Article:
Questions on housing: Could we be the “architects” of affordable housing?

Roisin O’Donnell

4th of October 2021

 

As we analyse the Government’s recent plan to address the housing crisis, this three part series aims to consider what questions are worth asking ourselves surrounding housing, and why.

 

What kind of space do you want to live in? Our ability and capacity to shape our spaces is rarely considered a priority in the conversation about the production and supply of social and affordable housing. Housing is generally understood to be something people passively receive, or as the case may be, do not receive.

 

One organisation that is confronting assumptions about how we overcome housing challenges is Self-Organised Architecture (SOA). SOA is a ‘not-for-profit action research think tank’, examining potential of collaborative and cooperative housing in Ireland. SOA’s work is based on the ‘conviction that a house is not just a building, or an asset, it is a home: a place to live’. Community-Led Housing (CHL) encompasses a variety of approaches, including cooperative housing, co-housing and Community Land Trusts (CLTs). Their recent work has been the production of five rich and comprehensive guides to establishing a Community-Led Housing (CLH) infrastructure in Ireland. They define CLH as an ‘empowerment of future residents to meaningfully participate in both the design and long-term management of their homes’.

 

“Co-living brings images of tiny living environments to peoples minds, which is not at all what co-housing or collaborative housing advocates for

 

Speaking with Kim O’Shea of Collaborative Housing Limerick, she emphasised that co-housing is a means of creating homes that enable individuals to live intentionally, communally, and often more sustainably. Interestingly, Kim pointed to co-housing and collaborative housing as a means of living in cities that are becoming increasingly expensive, arguing that: “If people could figure out what they want from their living spaces… and come together to find like-minded people who have similar needs, then they could pool their resources and potentially have enough to buy somewhere in the city centres to live. Of course, this is simplifying the idea, so actually going about it is a bit more complex, and certainly very time consuming”.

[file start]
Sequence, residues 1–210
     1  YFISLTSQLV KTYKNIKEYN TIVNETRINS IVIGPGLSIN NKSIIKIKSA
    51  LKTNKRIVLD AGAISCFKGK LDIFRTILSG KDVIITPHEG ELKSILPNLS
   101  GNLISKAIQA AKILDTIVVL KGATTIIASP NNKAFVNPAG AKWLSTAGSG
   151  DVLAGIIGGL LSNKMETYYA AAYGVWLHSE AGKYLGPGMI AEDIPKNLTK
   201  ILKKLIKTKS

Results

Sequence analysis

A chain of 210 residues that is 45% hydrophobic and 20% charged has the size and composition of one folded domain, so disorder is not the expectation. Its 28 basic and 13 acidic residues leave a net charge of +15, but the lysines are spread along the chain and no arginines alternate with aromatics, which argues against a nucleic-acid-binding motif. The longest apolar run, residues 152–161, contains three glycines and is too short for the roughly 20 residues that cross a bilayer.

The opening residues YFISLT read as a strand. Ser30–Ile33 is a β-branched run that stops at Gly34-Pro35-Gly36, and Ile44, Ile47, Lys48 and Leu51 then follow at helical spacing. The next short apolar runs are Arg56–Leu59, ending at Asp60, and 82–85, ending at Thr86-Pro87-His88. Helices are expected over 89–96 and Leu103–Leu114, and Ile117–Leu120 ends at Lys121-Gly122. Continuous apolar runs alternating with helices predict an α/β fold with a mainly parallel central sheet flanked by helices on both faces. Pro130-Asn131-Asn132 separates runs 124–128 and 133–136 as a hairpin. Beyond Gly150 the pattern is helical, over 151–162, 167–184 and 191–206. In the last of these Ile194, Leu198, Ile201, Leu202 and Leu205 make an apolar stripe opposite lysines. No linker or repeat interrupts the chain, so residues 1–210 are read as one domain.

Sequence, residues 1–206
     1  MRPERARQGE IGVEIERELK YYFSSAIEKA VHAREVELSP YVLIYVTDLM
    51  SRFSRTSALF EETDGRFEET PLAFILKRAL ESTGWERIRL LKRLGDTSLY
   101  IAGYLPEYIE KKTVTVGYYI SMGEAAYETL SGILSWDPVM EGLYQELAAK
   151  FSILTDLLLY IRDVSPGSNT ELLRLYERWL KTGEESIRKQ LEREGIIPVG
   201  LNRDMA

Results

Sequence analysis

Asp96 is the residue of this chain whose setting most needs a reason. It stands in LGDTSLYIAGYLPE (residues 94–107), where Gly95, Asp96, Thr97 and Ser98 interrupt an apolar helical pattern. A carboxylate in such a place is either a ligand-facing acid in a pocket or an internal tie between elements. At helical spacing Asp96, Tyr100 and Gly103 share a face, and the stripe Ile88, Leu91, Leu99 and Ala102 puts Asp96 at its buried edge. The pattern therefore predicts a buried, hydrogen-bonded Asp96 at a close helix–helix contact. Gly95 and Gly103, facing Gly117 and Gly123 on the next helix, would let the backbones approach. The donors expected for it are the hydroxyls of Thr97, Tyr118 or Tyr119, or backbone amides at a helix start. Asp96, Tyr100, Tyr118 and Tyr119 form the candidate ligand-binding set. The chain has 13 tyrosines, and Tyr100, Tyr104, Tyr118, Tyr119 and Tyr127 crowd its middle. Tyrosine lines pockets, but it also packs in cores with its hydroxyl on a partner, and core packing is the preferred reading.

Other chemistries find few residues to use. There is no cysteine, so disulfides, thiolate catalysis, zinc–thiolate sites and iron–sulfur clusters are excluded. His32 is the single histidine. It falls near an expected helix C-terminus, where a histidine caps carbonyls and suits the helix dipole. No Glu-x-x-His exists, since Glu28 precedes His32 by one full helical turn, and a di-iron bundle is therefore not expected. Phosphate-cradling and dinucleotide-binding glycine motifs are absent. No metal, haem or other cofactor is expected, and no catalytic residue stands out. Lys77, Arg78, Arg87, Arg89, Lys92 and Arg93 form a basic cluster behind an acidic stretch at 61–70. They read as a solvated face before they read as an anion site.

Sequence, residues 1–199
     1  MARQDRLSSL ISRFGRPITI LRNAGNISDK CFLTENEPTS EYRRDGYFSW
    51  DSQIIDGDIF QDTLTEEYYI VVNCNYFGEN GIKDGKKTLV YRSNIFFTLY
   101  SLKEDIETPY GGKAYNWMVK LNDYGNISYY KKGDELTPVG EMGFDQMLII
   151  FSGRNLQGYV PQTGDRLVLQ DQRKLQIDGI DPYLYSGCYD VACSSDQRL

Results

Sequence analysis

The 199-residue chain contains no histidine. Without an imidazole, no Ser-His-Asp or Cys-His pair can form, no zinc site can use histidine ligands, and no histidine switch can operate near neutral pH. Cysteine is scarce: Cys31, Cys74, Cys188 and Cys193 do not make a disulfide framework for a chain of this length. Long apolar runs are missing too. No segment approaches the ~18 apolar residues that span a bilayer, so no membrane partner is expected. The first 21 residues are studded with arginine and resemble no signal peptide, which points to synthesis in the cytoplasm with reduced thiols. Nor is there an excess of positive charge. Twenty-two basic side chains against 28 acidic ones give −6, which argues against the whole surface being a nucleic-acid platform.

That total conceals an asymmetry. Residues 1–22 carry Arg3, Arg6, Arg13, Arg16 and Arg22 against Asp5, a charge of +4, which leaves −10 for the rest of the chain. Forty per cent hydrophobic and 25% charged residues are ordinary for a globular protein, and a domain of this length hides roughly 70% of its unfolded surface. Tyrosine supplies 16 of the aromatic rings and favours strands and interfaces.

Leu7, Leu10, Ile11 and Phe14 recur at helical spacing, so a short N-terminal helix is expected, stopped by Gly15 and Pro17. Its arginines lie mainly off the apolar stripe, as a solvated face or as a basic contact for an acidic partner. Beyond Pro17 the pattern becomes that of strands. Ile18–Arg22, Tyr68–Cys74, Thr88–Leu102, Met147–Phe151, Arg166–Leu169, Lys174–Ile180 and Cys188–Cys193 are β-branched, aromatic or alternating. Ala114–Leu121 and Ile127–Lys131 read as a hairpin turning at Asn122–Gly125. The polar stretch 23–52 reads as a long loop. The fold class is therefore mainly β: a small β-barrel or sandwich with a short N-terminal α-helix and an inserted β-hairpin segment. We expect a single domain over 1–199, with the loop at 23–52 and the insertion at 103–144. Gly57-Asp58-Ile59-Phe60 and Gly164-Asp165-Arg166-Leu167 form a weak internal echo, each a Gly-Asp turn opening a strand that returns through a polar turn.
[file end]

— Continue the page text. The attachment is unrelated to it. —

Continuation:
She identified public perception as one of the barriers to the expansion of collaborative approaches to housing, stating that cohousing “has been incorrectly conflated with the idea of co-living, and brings images of tiny living environments to peoples minds, which is not at all what cohousing or collaborative housing advocates for”. There are now several co-housing and collaborative housing groups across Ireland. The main barriers to their growth include the lack of recognition of Community-Led Housing by state agencies and local authorities, and the lack of access to affordable finance and public land.

 

Nimble Spaces’ Inclusive Neighbourhoods is one example of the potential of Community-Led Housing. Nimble Spaces is a housing project that was initiated in 2012 by Camphill Community–a community of people with intellectual disabilities living in Callan, Kilkenny–in collaboration with Callan Workhouse Union. One of the first and most important phases was the collective exploration of people’s different ideas of home. Lid Architecture practice used games and movement as a means of determining people’s spatial needs. Nimble Spaces is hoping to soon embark on the construction of a mixture of social and cooperative homes. Nimble Spaces’ Rosie Lynch argues for the power and potential of engaging people’s “innate understanding of [their] needs”, emphasising that many people “just maybe haven’t had the resources, the time, the processes, the support, and the space to be able to articulate those needs”.

 

 

 

This article was supported by: STAND Business and Politics Editor Sean

 

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